Structure, Thermostability, Fluorescence, and Dye Adsorption Properties of a Copper(Ⅱ) Coordination Polymer Based on (+)-Di-p-toluoyl-D-tartaric Acid

Huan ZHENG Yan-Xiao CHU Si-Si FENG Cai-Xia YUAN

Citation:  Huan ZHENG, Yan-Xiao CHU, Si-Si FENG, Cai-Xia YUAN. Structure, Thermostability, Fluorescence, and Dye Adsorption Properties of a Copper(Ⅱ) Coordination Polymer Based on (+)-Di-p-toluoyl-D-tartaric Acid[J]. Chinese Journal of Inorganic Chemistry, 2022, 38(6): 1112-1120. doi: 10.11862/CJIC.2022.109 shu

基于(+)-二对甲基苯甲酰-D-酒石酸和铜(Ⅱ)构筑的配位聚合物的结构、热稳定性、荧光和染料吸附性质

    通讯作者: 冯思思, ssfeng@sxu.edu.cn
    袁彩霞, cxyuan@sxu.edu.cn
  • 基金项目:

    山西省自然科学基金 201901D111014

    山西省归国留学基金 2020-001

摘要: 合成了一种配位聚合物{[Cu(HDTTA)2(DMF)(H2O)]·DMF·H2O}n (1)(D-H2DTTA=(+)-二对甲基苯甲酰-D-酒石酸,DMF=NN- 二甲基甲酰胺)。通过红外光谱、元素分析、X射线单晶衍射和粉末衍射表征了配合物1的结构。配合物1沿a轴为一维链状结构,在ab平面通过弱相互作用形成二维层状结构。热稳定性研究表明配合物1的主结构可在197 ℃以下稳定存在。在300 nm激发波长条件下,配体的荧光由于和Cu2+离子配位而猝灭。配合物1对水溶液中亚甲基蓝染料表现出良好的特异性吸附效果,作用49 min后吸附率可达81%。

English

  • Coordination polymers (CPs) are structures connected by inorganic metal clusters or metal cations and organic ligands, with periodic coordination entities extending in 1D, 2D, or 3D space[1]. As a new kind of inorganic-organic hybrid material, CPs have a wide range of applications in adsorption and separation[2-4], catalysis[5, 6], optical materials[7-8], and magnetism[9], etc.

    In recent decades, organic dyes are widely used, not only in papermaking, textile printing, and dyeing but also in plastic and cosmetic industries[10-11]. These industries produced a large amount of industrial wastewater in the production process and then discharged it into the natural water body, which poses a serious threat to the environment and human health[12-14]. So environmental protection has become the focus of scientists all over the world[15]. Common water treatment methods include biological treatment[15-16], membrane filtration[17-18], coagulation[19], ion exchange[20], and photocatalytic degradation[21-22], etc. However, these methods are costly and complicated and may produce toxic side effects. Adsorption, as one of the simplest, most effective, and most feasible methods, has been widely concerned in environmental water treatment in recent years[16-23]. Nevertheless, finding effective, reusable, economically viable materials with high adsorption capacity remains a challenge[18]. CPs, which exhibit high specific surface area, rich and diverse structures, adjustable pore sizes and shapes, and can interact with dye molecules through hydrogen bonding, electrostatic and π-π interactions, have been one of the ideal substitutes for the adsorption of organic dyes[24-26].

    Now, it is still a challenge to accurately predict the structures of CPs[27], because the synthesis could be affected by many factors, such as metals, organic ligands, solvents, ratios of metal to ligand, temperature, and pH value[28-31]. Among them, the selection of an appropriate organic ligand is one of the important factors in the synthesis of CPs. In this study, we focus on a tartaric acid derivative (+)-di-p-toluoyl-D-tartaric acid (D-H2DTTA) for the following reasons: (a) the carboxyl groups in the ligand can be completely or partially deprotonated to form different coordination patterns, which contributes to the formation of versatile CPs; (b) the aromatic groups contain π electrons, which is conducive to charge conduction and can help to obtain materials with good optical, electrical, and magnetic properties[32].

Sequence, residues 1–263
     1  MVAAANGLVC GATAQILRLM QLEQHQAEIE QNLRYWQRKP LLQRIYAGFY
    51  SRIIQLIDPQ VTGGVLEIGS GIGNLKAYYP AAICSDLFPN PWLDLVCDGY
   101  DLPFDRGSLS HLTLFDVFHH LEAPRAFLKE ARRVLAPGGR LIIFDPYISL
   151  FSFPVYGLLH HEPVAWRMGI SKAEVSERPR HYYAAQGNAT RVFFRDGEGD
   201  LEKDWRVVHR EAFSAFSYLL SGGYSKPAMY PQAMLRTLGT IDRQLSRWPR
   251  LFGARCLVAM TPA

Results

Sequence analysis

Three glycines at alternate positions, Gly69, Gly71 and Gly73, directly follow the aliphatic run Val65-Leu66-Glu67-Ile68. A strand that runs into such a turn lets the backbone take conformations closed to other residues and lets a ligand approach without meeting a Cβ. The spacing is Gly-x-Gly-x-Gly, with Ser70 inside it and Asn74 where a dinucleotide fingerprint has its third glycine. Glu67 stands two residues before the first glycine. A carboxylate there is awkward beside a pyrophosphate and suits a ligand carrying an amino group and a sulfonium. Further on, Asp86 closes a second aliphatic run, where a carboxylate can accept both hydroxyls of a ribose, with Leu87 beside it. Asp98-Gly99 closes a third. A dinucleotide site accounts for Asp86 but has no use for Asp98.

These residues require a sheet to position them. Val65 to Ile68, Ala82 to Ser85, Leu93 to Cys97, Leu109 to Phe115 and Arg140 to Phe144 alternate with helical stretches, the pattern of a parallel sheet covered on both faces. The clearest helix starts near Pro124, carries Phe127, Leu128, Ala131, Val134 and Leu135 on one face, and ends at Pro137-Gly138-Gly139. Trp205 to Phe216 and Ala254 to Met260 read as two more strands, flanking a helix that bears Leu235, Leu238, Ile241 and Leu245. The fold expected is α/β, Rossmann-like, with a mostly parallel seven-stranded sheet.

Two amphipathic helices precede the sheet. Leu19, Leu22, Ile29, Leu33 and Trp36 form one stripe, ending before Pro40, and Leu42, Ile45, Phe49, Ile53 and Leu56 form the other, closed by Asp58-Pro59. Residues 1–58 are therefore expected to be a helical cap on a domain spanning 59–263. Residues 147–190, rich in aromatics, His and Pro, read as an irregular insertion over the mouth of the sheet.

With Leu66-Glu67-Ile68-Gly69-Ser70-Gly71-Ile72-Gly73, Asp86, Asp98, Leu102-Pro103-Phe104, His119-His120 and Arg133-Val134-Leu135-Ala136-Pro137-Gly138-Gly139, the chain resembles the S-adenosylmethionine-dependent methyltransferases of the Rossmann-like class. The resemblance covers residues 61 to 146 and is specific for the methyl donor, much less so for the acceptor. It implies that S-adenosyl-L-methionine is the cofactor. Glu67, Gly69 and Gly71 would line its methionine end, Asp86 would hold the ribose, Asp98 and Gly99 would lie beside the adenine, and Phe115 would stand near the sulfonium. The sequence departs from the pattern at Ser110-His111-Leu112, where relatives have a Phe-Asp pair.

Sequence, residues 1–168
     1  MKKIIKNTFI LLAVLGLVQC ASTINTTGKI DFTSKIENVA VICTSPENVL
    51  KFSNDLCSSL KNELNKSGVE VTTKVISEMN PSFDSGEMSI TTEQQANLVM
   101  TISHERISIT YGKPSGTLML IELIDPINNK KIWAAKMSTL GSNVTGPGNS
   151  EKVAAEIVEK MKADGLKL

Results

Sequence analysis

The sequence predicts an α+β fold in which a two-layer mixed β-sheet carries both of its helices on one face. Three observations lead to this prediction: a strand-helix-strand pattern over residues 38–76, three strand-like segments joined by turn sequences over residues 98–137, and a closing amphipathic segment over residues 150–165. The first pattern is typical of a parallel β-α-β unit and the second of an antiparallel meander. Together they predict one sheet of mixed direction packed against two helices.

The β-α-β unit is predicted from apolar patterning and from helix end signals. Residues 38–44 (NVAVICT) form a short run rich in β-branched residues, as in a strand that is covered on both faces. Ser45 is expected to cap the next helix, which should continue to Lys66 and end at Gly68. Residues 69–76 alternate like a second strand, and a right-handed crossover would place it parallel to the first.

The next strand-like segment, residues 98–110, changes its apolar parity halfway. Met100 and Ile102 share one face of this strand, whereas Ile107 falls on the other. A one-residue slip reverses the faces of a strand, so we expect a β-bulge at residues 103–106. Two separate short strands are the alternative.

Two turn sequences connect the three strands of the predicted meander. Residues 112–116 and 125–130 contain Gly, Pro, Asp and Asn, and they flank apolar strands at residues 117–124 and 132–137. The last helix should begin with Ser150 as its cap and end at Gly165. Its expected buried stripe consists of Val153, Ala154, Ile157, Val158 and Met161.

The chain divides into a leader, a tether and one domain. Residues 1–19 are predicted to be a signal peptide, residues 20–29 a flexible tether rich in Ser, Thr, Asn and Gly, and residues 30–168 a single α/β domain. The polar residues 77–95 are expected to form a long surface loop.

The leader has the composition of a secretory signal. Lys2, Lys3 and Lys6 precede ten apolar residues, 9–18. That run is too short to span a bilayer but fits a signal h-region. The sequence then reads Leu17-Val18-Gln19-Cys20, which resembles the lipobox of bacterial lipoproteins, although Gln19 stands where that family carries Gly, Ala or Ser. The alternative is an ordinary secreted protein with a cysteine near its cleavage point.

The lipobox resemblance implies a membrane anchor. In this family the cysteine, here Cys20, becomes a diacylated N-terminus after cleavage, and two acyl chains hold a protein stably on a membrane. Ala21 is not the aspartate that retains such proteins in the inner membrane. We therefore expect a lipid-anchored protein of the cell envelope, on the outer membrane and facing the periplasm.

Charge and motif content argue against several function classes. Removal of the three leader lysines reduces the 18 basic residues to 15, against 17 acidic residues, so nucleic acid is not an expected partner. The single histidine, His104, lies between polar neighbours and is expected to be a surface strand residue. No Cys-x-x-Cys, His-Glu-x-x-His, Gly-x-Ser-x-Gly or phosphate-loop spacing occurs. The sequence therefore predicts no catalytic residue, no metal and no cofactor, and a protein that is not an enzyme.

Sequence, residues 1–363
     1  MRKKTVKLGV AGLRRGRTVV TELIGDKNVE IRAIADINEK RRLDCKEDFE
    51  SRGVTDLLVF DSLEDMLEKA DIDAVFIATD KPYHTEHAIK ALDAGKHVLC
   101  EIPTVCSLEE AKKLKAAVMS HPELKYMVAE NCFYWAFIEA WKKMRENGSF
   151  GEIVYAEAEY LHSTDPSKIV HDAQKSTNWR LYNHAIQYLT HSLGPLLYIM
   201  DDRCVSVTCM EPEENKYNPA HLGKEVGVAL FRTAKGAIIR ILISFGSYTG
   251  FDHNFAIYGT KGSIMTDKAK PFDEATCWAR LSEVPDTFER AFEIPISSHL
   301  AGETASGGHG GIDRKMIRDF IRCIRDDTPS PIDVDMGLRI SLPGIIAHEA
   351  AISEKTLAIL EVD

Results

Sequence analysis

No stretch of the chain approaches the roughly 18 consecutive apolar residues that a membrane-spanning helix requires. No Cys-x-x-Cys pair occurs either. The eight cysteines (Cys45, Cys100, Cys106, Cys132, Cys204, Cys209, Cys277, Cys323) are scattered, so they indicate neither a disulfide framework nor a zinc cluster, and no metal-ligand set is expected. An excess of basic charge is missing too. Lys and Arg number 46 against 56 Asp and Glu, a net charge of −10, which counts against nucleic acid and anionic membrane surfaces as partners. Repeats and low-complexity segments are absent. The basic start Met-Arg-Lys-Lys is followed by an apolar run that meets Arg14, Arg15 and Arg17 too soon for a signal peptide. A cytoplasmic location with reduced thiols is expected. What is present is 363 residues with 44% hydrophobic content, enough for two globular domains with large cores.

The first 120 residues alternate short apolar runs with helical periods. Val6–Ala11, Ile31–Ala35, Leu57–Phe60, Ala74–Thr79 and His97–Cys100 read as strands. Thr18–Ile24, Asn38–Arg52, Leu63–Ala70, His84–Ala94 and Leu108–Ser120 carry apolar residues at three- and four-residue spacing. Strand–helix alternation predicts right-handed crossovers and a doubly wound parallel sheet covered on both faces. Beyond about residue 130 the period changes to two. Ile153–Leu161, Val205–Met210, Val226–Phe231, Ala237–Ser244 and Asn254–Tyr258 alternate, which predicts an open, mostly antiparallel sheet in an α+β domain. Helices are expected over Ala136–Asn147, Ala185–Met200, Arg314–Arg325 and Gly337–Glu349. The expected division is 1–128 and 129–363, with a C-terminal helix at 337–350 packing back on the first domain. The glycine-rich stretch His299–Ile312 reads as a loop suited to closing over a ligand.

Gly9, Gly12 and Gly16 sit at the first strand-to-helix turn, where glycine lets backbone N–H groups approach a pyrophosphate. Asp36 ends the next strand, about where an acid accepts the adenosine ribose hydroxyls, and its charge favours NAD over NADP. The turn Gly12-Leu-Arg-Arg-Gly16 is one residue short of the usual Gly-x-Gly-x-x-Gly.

In this paper, the copper complex {[Cu(HDTTA)2 (DMF)(H2O)]·DMF·H2O}n (1) (DMF=N, N-dimethylformamide) was successfully synthesized by solvent evaporation method with transition metal copper cation and D-H2DTTA. The structure of complex 1 was characterized by IR spectrum, elemental analysis (EA), X-ray single-crystal diffraction, and powder X-ray diffraction (PXRD). Moreover. thermostability, fluorescence, and dye adsorption properties of complex 1 were also studied.

    The D-H2DTTA ligand was bought from TCI (Shanghai) Development Co., Ltd. and used directly without further purification. All solvents and other reagents were of standard commercial grade and used directly without further purification. The sample for EA was dried under a vacuum and the test was performed with a CHN-O-Rapid instrument. IR spectra were obtained on KBr pellets with a BRUKER TENSOR27 spectrometer. PXRD patterns were collected on a Bruker D8 Advance X-ray diffractometer employing Cu radiation (λ =0.154 18 nm) with a 2θ range of 5°-50°. The operating voltage and current were 40 kV and 25 mA, respectively. Thermogravimetric analysis (TGA) was performed on a Dupont thermal analyzer under a nitrogen atmosphere with a heating rate of 10 ℃·min-1. Fluorescence analyses were performed on a Fluoromax-4 spectrofluorometer with a xenon arc lamp as the light source. The UV-Vis spectra were obtained with a JASCO V-570 spectrophotometer.